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Posts tagged ‘CULTURE’

For Manila with Love


“Hello Ma’am your seat is 47E. Not good. Can I give you an aisle or a window seat at a better location?”
Me: “Oh that would be so kind of you for going extra mile even though I had booked online and this is the seat I could book last minute.”
Him: “Maam here is 17A. Window and front seat with extra leg space.”
Me: “You guys are amazing. I loved every day of my stay here.”

As I check out at immigration after a 45 day stay in Manila, this favour without even asking for one makes me overwhelmed with gratitude and would love to pay tribute to Phillipines and its lovely, hospitable people aloud on social media.

Right from the moment my husband and I landed at Ninoy Aquino International Airport at Manila till exit today, and from immigration officers to taxi drivers to house nannies to senior executives in MNCs to doctors to nurses to porters to managers to ordinary street vendors to jeepney drivers to tricycle drivers to kids playing on streets Phillipinos are an epitome of politeness, etiquettes and culture. Please, thank you, sorry, are spoken with as fluency as our desis hurl gaalis.

It’s not that their lives are easy or comfortable but they have the exemplary patience to stay calm and sane, without honking horns or getting jittery in hours of traffic jams.
Most Philipinos are extremely sincere, hardworking and professional in their work.
Another huge quality in mostly all Philipinos I met is humility. They are also wonderful at enjoying their life the most with whatever is available to them.

Talking to a CEO of a company in a party she asked me how i found Manila.
I replied, “It is very similar to Delhi in terms of rich poor divide, high density population and horrid traffic, but Manila and Philipinos are way ahead in cleanliness. I did not see any litter even in poor localities.”
The lady smiled with pride and replied, “Yes that is true. We feel shame in littering. But let me tell you it was not like this 35 years ago. Manila was dirty. I remember in my youth there was a huge campaign against littering all over from city govt to schools. It took us almost 20 years to get here.”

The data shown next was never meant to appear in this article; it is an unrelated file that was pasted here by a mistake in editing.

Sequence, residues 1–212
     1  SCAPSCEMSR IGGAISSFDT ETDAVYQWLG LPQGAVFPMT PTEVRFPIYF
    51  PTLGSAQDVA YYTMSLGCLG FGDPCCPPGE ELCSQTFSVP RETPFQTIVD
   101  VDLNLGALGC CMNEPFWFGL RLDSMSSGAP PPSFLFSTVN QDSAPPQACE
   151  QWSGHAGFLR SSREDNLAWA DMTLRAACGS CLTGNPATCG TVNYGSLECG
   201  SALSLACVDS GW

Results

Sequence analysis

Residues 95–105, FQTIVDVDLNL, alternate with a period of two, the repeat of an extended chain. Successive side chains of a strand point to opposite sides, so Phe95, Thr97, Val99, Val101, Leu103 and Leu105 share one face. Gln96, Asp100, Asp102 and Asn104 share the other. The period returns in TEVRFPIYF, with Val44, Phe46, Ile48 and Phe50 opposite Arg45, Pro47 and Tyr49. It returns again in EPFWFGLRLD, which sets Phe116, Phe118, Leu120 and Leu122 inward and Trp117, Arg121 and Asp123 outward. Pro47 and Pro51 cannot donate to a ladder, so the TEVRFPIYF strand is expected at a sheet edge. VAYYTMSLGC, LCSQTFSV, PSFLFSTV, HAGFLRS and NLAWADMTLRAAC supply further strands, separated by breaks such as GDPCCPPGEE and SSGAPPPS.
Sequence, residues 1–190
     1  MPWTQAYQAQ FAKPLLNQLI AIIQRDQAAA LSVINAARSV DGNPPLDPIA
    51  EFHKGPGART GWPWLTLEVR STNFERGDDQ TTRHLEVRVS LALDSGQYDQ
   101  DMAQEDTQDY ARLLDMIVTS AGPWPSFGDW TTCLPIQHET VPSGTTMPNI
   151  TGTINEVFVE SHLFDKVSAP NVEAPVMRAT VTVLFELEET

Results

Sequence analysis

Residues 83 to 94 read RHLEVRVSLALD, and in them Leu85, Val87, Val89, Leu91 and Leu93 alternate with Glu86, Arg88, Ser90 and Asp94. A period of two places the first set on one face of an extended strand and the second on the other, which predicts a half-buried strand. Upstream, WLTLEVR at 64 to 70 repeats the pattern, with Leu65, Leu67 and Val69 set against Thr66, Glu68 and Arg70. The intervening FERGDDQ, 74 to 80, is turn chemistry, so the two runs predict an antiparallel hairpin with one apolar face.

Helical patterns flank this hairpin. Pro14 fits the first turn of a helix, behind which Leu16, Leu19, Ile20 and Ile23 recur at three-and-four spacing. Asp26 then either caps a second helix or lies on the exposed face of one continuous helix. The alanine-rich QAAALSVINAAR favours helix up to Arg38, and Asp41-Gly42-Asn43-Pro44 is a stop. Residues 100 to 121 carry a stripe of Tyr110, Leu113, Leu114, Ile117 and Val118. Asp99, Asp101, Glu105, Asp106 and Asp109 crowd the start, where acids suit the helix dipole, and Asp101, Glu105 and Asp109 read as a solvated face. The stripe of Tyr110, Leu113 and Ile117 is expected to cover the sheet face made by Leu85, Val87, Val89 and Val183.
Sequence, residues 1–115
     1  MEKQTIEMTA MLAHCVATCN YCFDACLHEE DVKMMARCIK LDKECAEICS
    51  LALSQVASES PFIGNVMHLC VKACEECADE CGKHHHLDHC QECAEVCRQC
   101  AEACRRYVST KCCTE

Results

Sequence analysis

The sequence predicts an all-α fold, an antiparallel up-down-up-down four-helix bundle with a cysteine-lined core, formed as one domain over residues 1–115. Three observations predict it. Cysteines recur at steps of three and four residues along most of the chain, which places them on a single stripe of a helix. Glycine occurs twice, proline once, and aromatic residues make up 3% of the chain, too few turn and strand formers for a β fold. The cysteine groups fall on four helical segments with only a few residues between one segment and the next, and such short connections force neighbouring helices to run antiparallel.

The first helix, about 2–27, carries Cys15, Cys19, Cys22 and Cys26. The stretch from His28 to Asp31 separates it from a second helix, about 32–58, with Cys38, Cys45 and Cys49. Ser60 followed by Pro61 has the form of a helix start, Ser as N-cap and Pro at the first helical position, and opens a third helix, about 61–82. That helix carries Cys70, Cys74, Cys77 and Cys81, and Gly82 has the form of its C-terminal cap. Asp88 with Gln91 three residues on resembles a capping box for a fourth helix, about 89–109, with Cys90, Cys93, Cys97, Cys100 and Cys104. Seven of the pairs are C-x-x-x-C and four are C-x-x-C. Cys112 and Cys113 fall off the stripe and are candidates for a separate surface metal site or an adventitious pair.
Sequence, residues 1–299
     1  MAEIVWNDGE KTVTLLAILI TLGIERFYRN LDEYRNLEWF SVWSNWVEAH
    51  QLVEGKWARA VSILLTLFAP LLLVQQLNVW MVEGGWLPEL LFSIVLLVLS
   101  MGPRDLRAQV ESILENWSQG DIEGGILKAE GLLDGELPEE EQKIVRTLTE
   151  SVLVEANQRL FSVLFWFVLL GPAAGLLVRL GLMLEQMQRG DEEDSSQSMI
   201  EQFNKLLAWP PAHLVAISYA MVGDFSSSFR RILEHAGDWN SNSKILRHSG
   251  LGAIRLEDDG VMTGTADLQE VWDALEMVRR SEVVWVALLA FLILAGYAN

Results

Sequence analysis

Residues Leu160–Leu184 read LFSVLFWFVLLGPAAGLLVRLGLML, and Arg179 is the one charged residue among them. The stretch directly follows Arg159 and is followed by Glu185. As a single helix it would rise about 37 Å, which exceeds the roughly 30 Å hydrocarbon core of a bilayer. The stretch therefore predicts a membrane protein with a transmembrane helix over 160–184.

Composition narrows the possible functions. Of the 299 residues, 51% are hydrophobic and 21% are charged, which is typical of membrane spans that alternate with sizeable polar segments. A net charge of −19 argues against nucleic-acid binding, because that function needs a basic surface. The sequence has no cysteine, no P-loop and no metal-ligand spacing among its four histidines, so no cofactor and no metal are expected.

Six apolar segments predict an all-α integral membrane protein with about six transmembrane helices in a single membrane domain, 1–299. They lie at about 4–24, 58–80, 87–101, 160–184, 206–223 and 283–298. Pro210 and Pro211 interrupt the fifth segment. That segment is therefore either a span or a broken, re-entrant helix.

Another interesting fact I learned about Philipines is that it was a matriarchal society before it was colonized by Spain and patriarchy was imposed. However, it is still known as a country of strong women. Two of past Presidents have been women. Even though still under colonial patriarchal influence to a great extent, one third of businesses are owned and run by women.

Below are some of the scenes from the old district of Quiapo in Manila which houses the largest and oldest Quiapo Church and the largest mosque Golden Mosque and a huge vegetable market in between.

I am extremely thankful to my daughter Fatima Fasih and her husband Abdullah because of whom we could visit Manila and learn so much more about these wonderful people.
I know Phillipines is not a common choice for tourism, but if one gets a chance please do visit to see their level of exceptional humility, politeness and hospitality.
I know I am going to come again to explore less metropolitan areas especially Mindanao and other islands in coming years.
Thank you Metro Manila for a wonderful experience !


Story #8: Good Touch Bad Touch


YOURSTORYTELLER

is a social enterprise that creates digital talking comics based on true stories and raises awareness on the triumphs and struggles of common individuals.
We will be bringing digital stories based on or adapted from true stories, highlighting an important social issue in each story.

Story #8: Good Touch Bad Touch

Do you think it is right to inform children about ‘Good Touch’ and ‘Bad Touch’ at a very early age? 

We teach our children to be safe from fire, from falls, from strangers, from other hazards, but we often fail to teach them how to be safe from body harm( from sexual abuse).
What is really worrying is that the statistics of sexual abuse in children are high- 1 in 3 in girls and 1 in 6 in boys before 18 years of age. Scary fact is that 90% of the perpetrators are known to the children.
Sexual abuse is a confusing concept for little kids. They feel awkward of certain actions of adults, but do not inform their parents/loved ones about them. Long term xhildhood sexual abuse has devastating consequences as they grow up as adults.